Recurrent laryngeal nerve: Originates from the vagus nerve, and provides motor intervention to the intrinsic laryngeal muscles. The infraglottis receives sensory innervation from the RLN [3].

What is the Function of the Larynx

The respiratory and digestive systems separate at the larynx, making it a vital organ in the function of both. Another primary function of the voice box is producing sounds and speech.

Function in the respiratory system: Providing smooth passage of air from the nasal cavity to the lungs. During inhalation, air enters through the nasal cavity and mouth, traveling through the pharynx, larynx, and bronchi (the two primary branches of the trachea) to finally reach the lungs [15].

Function in the Digestive system: It also plays a vital role in channeling swallowed food into the esophagus, as the epiglottis covers the entrance to the larynx, keeping food and drink from entering the windpipe [16]. Once the food passes into the esophagus, the epiglottis goes back to its original position to facilitate the passage of air [1].

Function in speech production: There are two pairs of vocal folds (mucous membrane structures) in the larynx, the false vocal folds and the true vocal folds. Vibrations of the true vocal folds allow humans to make sounds such as speaking and singing, while the false vocal folds are responsible for resonance. Change in the vibration speed and tension of the vocal fold varies the pitch produced [17].

Conditions Associated with Larynx

Hoarseness, loss of voice, and sore throat are the common symptoms of most laryngeal issues [18]. Some of these include:

Laryngitis (inflammation of larynx): Usually occurring due to some viral infection, along with the common symptoms it may lead to swollen glands around the throat, pain, burning sensation, swallowing difficulty, flu-like symptoms, tiredness, and a mild fever [19].

Laryngeal cancer: Causing persistent cough and sore throat, pain during swallowing, development of a lump in the throat or neck, earache, and hoarseness of voice [20]

Fractured or dislocated larynx: Can result from a severe direct blow to the neck or throat, such as during some sport or due to a car accident. May turn life-threatening due to serious airway obstruction [21].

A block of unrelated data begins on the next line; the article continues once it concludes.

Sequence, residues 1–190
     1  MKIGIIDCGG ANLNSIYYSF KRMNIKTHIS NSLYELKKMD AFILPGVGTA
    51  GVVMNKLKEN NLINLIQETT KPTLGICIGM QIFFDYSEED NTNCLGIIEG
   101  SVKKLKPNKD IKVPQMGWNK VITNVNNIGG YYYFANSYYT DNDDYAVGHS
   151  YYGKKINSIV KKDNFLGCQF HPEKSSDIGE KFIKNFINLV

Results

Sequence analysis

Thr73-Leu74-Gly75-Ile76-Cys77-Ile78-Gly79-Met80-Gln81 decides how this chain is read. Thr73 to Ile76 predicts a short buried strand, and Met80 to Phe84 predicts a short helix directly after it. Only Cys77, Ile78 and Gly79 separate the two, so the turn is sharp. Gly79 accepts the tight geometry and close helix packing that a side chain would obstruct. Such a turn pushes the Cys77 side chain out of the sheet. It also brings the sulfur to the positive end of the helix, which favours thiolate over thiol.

Laryngopharyngeal reflux: A condition similar to GERD, where the stomach contents come back up the esophagus into the larynx, but with different symptoms than GERD, making it harder to detect. More common in newborns due to their underdeveloped esophagus and sphincters, the symptoms may include hoarseness, chronic ‘barking’ cough, apnea, and difficulty feeding [22]. Adults may experience a bitter taste or burning sensation at the back of the throat, and heartburn (rarely) [23].

Laryngospasm: A short, but sudden spasmodic closure of the larynx, often occurring during inhalation, when the larynx closes and blocks the air in the lungs, making one unable to breathe or speak. Although quite scary, it goes away on its own within a few minutes [24].

Irritable larynx syndrome (ILS): Characterized by pain, a lump in the throat or neck, swallowing difficulty, occasional laryngospasms, and cough, ILS may occur due to chronic GERD or some neurological condition [25].

Abnormal growths on larynx: Some people may develop abnormal cysts, granuloma or polyps on the larynx, leading to pain, hoarseness, and difficulty swallowing.

Laryngomalacia (floppy larynx syndrome): A congenital malformation of the larynx, where the laryngeal tissues are soft and floppy, blocking the airway partially, leading to noisy breathing in newborn infants. In most cases, the problem goes away within 1.5-2 years without surgery [26].

Laryngeal Cleft: Another congenital disorder where there is an abnormal gap between the larynx and esophagus, increasing the chances of food entering the lungs, leading to various feeding and breathing difficulties [27].

Diagnosis of these conditions often involves physical examination, as well as tests like larynx biopsy, CT scan, ultrasound, and X-ray.

Treatment measures like steam inhalation and resting the voice are often enough to manage the minor issues, while infectious diseases may need antibacterial or antiviral medications [18]. In rare cases (e.g. larynx cancer), partial or complete removal of the larynx may be done through surgical procedures like endoscopy and laryngectomy [28]. Modern medical procedures have made it possible to have successful larynx transplants in a few cases.